Beta Me This: Adventures in Editing

“Another telling word!” my beta cries, or so I imagine, as I read their 64th comment on my 5,500 word story, The Lady Koi. “And here, this is unnecessary! Cut it.”

Snip, snip, cut, cut.

Usually, when I go looking for beta readers, I keep in mind the old adage, “Too many cooks spoil the broth”. I rarely request more than two people to look over my work. However, I decided to cast a wider net of opinion for this story, because it is one I am particularly proud of, and I was also a little worried that some of the foreign (Japan) elements weren’t translating well to the page.

I had nine different beta readers for The Lady Koi.

And let me tell you something: if you give a fish to nine different cooks, you’re going to get nine different meals.

It was a really great experience, to see all of the different reactions, though there was that moment of panic when I opened up the file and was greeted by a column of notes:

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And, because I made the mistake of letting myself get attached to this story on an emotional level, there were a few minutes of tears when I inevitably got comments like “Cut this.” or “Totally unnecessary.” But, in all of that, I did see something clear: my story was eliciting a reaction in people, which is the most important part of writing, in my opinion.

Also, some passages that got the red “rework” from some readers, received a “Love this!” from others. A good case in point is the prologue for the story. These days, prologues are considered one of the “sins” of fantasy writing. But for The Lady Koi, which is written as a dark fairy tale, I felt the prologue was important to set the tone of the story. It even begins with “Long, long ago…”

Another passage, in which my main character, Sairyu, is attacked by demons had a single sentence (in yellow) that made a bunch of readers laugh. However, comments from others made me decide to edit it, in the end.

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Having so many beta readers made the final editing process of The Lady Koi difficult, but ultimately, I think the story improved greatly from it. It was also really fun to see all the different ways people beta. I had cheerleaders, “perfectly frank” readers, readers who encouraged me with comments like “Come on, kid, I know you can do better than this.” I think if you can approach a beta’s comments with an open mind, you can really discover a lot about your story, and how readers will see your story. You just have to be prepared to also hear something like “Yawn.”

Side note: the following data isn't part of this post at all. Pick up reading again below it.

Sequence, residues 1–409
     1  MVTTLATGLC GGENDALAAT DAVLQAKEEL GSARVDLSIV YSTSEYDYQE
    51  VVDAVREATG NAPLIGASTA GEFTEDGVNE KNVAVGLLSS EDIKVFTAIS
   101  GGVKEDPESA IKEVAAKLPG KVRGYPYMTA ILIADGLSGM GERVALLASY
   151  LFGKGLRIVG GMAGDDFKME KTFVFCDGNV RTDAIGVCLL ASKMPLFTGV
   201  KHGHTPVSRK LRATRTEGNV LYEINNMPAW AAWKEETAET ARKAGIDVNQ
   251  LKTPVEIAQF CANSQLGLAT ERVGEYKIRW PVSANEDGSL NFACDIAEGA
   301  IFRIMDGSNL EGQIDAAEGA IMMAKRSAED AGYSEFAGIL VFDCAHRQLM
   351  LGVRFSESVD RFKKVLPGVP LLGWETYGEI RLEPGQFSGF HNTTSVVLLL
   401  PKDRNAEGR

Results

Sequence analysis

The Lady Koi will be featured in an upcoming charity anthology, Darkly Never After, of which I have designed both the cover and written the back blurb. This anthology is set to be released before the end of the year, and will benefit a children’s charity.

Here is the cover, and an excerpt of the beginning of The Lady Koi. I hope you enjoy it.

Darkly Never After Full Cover

LONG, LONG AGO there lived a demon hunter by the name of Sairyu. To the evil forces of the world he was well known, for there was not a demon alive who could stand up to his might. In fact, Sairyu was so well known that mother demons and father demons would tell their demon children that if they did not behave, Demon-Queller Sairyu would visit them in the night to lop off all their toes.

 

This was not far from the truth. When Sairyu was only three years old, a shoe-dwelling akuma bit off his little toe. They say that Sairyu grabbed the little creature so forcefully that he ripped its head from its body. He made hair ornaments from its bones, and a magical belt from its hide, until all that was left was fat and muscle, forcing the akuma to tie its severed head under an armpit. Afterward, Sairyu decided to keep the demon as a wretched pet, and after removing all of the poor demon’s toes for good measure, gave it the undignified name of Worm.